Wednesday, September 03, 2008
October 27, 1930 — July 29, 2008
A veteran Queer and Leather community activist best known for writing the two-volume Leatherman’s Handbook and a regular column on Leather issues for several Queer publications, Larry Townsend passed away on July 29, 2008, less than five months after he made a rare public appearance in San Diego March 13 at a titleholder’s appreciation dinner to honor former Mr. San Diego Leather Lee Butler.
“I look at the community, and what I see with these young guys scares me,” Townsend said in San Diego March 13. “I hope you let them know, because I’ve watched too many guys die.” Asked to elaborate, Townsend said he thought older men in the community have an obligation to “work with [younger men] and try to convince them they’re not immortal. One day they have AIDS or are using crystal, which is almost as bad. People try to pull me into [drug scenes], and I’m afraid of losing control. I don’t use drugs and I don’t drink more than two drinks a night,” he added — offering his own self-control as an example for young people. He boasted that in the 27 years he wrote his Leather column, he always had two consistent pieces of advice: “no drugs, and no glass in the dungeon.”
Jack Fritscher memorialized his longtime friend, Larry Townsend, in the following obituary:
“Townsend was the pseudonymous author of dozens of books, including Run Little Leather Boy (1970) and the first, single-volume edition of The Leatherman’s Handbook (1972), at pioneer erotic presses such as Greenleaf Classics and the Other Traveler imprint of Olympia Press.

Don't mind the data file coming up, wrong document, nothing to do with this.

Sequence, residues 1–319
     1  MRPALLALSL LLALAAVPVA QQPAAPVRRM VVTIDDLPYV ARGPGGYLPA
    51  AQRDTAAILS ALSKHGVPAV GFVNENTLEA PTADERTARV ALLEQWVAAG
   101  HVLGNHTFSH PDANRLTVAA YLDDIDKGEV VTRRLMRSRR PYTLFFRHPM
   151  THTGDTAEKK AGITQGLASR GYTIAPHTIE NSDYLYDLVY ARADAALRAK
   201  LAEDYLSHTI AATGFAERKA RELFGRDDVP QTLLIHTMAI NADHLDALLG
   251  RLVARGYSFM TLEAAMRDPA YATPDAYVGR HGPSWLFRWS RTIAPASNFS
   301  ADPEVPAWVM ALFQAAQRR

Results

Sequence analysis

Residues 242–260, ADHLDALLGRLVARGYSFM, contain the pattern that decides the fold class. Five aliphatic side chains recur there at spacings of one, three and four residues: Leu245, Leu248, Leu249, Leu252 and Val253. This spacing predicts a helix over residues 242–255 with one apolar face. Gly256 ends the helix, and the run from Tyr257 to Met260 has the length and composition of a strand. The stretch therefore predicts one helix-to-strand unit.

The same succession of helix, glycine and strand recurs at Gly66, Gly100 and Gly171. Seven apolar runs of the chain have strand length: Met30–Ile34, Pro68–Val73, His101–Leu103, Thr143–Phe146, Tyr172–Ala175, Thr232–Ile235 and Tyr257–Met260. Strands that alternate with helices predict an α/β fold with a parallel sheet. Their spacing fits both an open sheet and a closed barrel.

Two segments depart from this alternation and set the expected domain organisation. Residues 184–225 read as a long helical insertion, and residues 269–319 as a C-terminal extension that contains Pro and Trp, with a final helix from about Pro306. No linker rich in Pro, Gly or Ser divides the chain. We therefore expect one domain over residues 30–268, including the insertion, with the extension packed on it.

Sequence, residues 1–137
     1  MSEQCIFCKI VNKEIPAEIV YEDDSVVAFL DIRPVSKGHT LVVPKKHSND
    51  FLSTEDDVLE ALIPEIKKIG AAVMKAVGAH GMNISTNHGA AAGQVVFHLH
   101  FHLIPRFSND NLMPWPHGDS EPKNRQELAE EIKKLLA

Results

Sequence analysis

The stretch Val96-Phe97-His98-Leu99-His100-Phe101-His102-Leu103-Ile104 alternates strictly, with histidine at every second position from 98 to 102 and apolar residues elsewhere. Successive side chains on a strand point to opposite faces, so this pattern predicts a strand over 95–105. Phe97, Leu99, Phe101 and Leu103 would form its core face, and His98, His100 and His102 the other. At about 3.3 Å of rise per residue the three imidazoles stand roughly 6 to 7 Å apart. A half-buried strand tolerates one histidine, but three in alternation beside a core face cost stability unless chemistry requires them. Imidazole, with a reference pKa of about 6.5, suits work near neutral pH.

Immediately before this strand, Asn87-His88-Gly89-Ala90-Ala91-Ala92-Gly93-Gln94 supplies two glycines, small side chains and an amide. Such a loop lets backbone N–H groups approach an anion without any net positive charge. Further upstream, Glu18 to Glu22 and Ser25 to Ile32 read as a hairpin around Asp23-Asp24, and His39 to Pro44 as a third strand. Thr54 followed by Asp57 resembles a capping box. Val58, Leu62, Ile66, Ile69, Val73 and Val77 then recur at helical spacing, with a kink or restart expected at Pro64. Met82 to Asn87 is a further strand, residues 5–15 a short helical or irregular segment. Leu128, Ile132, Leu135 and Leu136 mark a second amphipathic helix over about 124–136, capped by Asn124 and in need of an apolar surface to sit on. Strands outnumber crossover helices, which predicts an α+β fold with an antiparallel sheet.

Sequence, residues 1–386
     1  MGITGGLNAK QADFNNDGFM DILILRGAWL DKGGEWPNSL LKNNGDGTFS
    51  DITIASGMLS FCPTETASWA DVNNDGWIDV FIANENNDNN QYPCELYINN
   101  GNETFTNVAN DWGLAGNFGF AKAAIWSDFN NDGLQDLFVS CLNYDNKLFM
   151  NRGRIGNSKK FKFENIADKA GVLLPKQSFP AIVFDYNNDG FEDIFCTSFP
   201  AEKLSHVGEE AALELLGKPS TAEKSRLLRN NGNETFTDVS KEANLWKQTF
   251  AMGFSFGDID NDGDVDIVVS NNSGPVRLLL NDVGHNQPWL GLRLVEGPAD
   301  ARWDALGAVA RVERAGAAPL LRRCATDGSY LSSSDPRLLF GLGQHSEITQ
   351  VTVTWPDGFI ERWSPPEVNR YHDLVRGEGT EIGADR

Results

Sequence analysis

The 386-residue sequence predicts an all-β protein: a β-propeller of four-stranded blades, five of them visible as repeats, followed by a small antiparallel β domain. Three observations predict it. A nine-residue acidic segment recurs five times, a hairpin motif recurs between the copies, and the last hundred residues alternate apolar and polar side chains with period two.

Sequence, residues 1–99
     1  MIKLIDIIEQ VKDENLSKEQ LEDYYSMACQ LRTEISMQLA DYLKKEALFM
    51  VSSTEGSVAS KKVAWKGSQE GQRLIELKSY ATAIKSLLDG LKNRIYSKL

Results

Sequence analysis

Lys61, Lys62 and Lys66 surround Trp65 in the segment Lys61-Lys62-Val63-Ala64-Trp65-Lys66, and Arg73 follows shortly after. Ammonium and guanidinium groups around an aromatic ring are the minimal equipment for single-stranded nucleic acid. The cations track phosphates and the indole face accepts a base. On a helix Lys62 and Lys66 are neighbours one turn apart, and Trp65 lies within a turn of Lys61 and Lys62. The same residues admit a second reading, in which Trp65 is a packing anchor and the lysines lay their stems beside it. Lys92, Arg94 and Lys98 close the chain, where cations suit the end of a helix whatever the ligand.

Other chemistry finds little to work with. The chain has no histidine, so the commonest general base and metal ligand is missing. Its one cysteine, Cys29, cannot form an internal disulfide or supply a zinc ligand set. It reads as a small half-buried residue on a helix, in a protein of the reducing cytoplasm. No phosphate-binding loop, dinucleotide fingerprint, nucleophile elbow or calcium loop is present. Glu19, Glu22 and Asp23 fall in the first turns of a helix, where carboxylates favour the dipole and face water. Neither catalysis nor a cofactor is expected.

“Growing up as a teenager of Swiss-German extraction in Los Angeles a few houses from Noël Coward and Irene Dunne, he ate cookies with his neighbor Laura Hope Crews, who played Aunt Pittypat in Gone with the Wind.
“He attended the prestigious Peddie School, and was stationed as Staff Sergeant in charge of NCOIC Operations of Air Intelligence Squadrons for nearly five years with the U.S. Air Force in Germany (1950-1954). Completing his tour of duty, he entered into the 1950’s underground of the L.A. Leather scene, where he and actor Montgomery Clift shared a lover. With his degree in industrial psychology from UCLA (1957), he worked in the private sector and as a probation officer with the Forestry Service.
“Townsend began his pioneering activism in the politics of Queer liberation in the early 1960’s. In 1972, as president of the Homophile Effort for Legal Protection (HELP) — which had been founded in 1969, before the Stonewall Inn riots in New York city which supposedly launched the Queer liberation movement, to defend Gays during and after arrests — he led a group in founding the H.E.L.P. Newsletter, the forebear of Drummer (1975). As a writer and photographer, he was an essential eyewitness of the drama and salon around Drummer in which his novels were often excerpted.
“His signature ‘Leather Notebook’ column appeared in Drummer for twelve years beginning in 1980, and continued in Honcho to Spring 2008. His last novel, TimeMasters, was published April 2008. The Leather heritage book Gay San Francisco: Eyewitness Drummer, published June 20, 2008, contains the biographical sketch from which most of the above was taken and also includes Larry’s ‘Eyewitness Introduction,‘ his last published writing.“
NOTICE: The entire post above, except for the photo and the first two paragraphs, is copyright © 2008 www.JackFritscher.com. All rights reserved. Used with permission.